Title:
DESTRUCTIVE INTERFERENCE MICROPHONE
Kind Code:
A1


Abstract:
A higher-order acoustical pressure measurement device (e.g., microphone) is disclosed. The device includes a first acoustic pressure measurement from a generally concentrated spatial location and a second acoustic pressure measurement having a spatiality greater than the concentrated spatial location of the first acoustic pressure measurement and at least one destructive interference signal. The destructive interference signal is characterized at least in part by the spatiality of the second acoustic pressure measurement. A higher-order microphone includes sensor elements configured to provide a destructive interference signal such that interference at one sensor element is configured to lower the destructive interference signal for the primary direction of directivity from a source signal.



Inventors:
Case, Eliot Maxwell (Aurora, CO, US)
Application Number:
14/652909
Publication Date:
11/19/2015
Filing Date:
12/17/2013
Assignee:
PANAMAX35 LLC
Primary Class:
International Classes:
H04R29/00; H04R1/08
View Patent Images:
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Primary Examiner:
GAUTHIER, GERALD
Attorney, Agent or Firm:
MCKEE, VOORHEES & SEASE, P.L.C. (801 GRAND AVENUE SUITE 3200 DES MOINES IA 50309-2721)
Claims:
What is claimed is:

1. An acoustical pressure measurement device comprising: a first acoustic pressure measurement from a generally concentrated spatial location; a second acoustic pressure measurement having: a. a spatiality greater than the concentrated spatial location of the first acoustic pressure measurement; and b. at least one destructive interference signal; wherein the at least one destructive interference signal is characterized at least in part by the spatiality of the second acoustic pressure measurement.

2. The device of claim 1 further comprising: a single microphone comprising both the first and second acoustic pressure measurements.

3. The device of claim 1 further comprising: a. a first microphone array having the first acoustic pressure measurement; and b. a second microphone array having the second acoustic pressure measurement.

4. The device of claim 1 wherein the spatiality comprises a spatial separation between two or more microphones.

5. The device of claim 1 wherein the spatiality is characterized by a housing with opposing boundaries having the first and second acoustic pressure measurement.

6. The device of claim 1 further comprising: a third acoustic pressure measurement within the spatiality of the second acoustic pressure measurement.

7. The device of claim 6 wherein the second and third acoustic pressure measurements have generally an opposing response magnitude of the first acoustic pressure measurement.

8. The device of claim 1 wherein the at least one destructive interference signal from the second acoustic pressure measurement is configured to decrease destructive interference from a primary direction of directivity for a source signal.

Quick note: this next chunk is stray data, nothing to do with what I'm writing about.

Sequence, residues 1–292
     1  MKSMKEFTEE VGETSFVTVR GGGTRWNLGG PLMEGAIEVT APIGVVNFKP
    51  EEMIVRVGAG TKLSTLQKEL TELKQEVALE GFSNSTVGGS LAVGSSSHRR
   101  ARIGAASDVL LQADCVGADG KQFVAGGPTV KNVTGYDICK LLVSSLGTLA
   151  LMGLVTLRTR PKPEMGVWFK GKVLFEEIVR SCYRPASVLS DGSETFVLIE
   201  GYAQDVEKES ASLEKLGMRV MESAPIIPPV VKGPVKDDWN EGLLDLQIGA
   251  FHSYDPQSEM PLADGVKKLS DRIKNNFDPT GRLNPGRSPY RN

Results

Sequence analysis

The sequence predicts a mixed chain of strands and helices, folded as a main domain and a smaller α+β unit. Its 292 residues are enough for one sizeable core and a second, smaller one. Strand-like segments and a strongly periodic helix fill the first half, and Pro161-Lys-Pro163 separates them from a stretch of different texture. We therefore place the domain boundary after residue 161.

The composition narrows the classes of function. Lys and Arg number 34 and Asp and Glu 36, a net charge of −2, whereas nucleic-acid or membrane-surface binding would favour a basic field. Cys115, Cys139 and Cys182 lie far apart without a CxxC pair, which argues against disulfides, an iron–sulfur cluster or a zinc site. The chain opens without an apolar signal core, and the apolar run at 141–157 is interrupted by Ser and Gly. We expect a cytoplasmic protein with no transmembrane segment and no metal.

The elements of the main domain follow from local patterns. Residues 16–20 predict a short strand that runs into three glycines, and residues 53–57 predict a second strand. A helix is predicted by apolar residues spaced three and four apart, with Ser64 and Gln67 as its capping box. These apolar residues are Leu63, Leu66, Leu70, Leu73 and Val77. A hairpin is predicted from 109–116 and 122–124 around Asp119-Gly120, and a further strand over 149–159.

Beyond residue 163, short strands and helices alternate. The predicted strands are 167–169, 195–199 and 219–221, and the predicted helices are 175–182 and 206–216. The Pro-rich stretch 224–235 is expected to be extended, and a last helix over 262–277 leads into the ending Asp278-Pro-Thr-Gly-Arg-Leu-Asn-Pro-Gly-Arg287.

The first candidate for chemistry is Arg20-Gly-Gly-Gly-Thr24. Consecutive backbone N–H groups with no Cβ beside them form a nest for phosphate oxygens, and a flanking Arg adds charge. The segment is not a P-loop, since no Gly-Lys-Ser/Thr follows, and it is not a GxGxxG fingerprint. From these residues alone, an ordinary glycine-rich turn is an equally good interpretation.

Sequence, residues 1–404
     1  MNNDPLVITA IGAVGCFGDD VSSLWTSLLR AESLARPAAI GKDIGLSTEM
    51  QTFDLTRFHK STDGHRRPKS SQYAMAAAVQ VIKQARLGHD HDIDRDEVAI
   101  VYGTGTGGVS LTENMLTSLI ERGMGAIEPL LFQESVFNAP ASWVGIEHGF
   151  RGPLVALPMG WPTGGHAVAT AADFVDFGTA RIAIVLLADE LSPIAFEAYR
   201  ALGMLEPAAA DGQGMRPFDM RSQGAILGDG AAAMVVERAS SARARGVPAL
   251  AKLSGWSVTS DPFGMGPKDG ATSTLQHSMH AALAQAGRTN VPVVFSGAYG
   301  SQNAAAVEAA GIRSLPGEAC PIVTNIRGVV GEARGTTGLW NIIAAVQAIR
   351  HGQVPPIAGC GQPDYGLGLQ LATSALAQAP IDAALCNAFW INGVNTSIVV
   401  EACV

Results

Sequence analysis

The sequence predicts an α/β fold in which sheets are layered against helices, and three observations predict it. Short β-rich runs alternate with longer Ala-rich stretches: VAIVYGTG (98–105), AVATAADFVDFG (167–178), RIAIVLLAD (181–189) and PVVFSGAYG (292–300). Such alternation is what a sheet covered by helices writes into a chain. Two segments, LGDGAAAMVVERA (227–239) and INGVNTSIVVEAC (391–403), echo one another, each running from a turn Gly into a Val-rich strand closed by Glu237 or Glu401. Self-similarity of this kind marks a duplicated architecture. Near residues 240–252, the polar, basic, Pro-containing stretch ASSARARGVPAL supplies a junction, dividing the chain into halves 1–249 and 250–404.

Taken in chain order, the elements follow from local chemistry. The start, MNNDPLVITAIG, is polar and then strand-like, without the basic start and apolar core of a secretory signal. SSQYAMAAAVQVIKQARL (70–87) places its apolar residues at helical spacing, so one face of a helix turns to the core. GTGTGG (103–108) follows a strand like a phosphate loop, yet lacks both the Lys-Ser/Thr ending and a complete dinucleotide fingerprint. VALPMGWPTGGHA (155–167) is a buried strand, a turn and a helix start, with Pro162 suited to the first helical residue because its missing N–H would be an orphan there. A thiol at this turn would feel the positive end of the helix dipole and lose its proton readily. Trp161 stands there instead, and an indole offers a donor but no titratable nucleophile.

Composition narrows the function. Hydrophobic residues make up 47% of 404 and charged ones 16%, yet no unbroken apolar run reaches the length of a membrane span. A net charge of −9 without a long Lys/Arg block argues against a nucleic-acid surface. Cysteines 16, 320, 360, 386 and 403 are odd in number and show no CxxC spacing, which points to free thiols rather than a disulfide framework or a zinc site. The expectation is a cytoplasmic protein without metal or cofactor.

9. A method for an acoustical pressure measurement device, comprising: acquiring a first acoustic pressure measurement from a generally concentrated spatial location; acquiring a second acoustic pressure measurement having a spatiality greater than the concentrated spatial location of the first acoustic pressure measurement; combining at least one destructive interference measurement from the second acoustic pressure measurement with the first acoustic measurement; and characterizing the at least one destructive interference measurement at least in part by the spatiality of the second acoustic pressure measurement.

10. The method of claim 9 further comprising: acquiring both the first and second acoustic pressure measurements with a single microphone.

11. The method of claim 9 further comprising: acquiring the first acoustic pressure measurement with a first microphone array and the second acoustic pressure measurement with a second microphone array.

12. The method of claim 9 further comprising: decreasing destructive interference from a primary direction of directivity for a source signal using the at least one destructive interference measurement from the second acoustic pressure measurement.

13. The method of claim 9 further comprising: taking the first and second acoustic pressure measurements at generally opposing boundaries of one or more microphone arrays.

14. The method of claim 9 further comprising: acquiring a third acoustic pressure measurement within the spatiality of the second acoustic measurement.

15. The method of claim 9 further comprising: characterizing generally at least one measurement boundary for the spatiality with the second pressure measurement.

16. A microphone comprising: a body having sides extending between opposing ends; a sensor element at one end of the body; wherein the sensor element is configured to provide a destructive interference signal; a primary direction of directivity for a source signal; wherein interference at the sensor is configured to lower the destructive interference signal from the primary direction of directivity from the source signal.

17. The second order microphone of claim 16 wherein the sensor comprises a microphone.

18. The second order microphone of claim 16 further comprising: a front and a rear, wherein the sensor element is configured at the rear of the body.

19. The second order microphone of claim 18 wherein the sensor element comprises a microphone array, a first microphone array configured at the front of the body and a second microphone array configured at the rear of the body.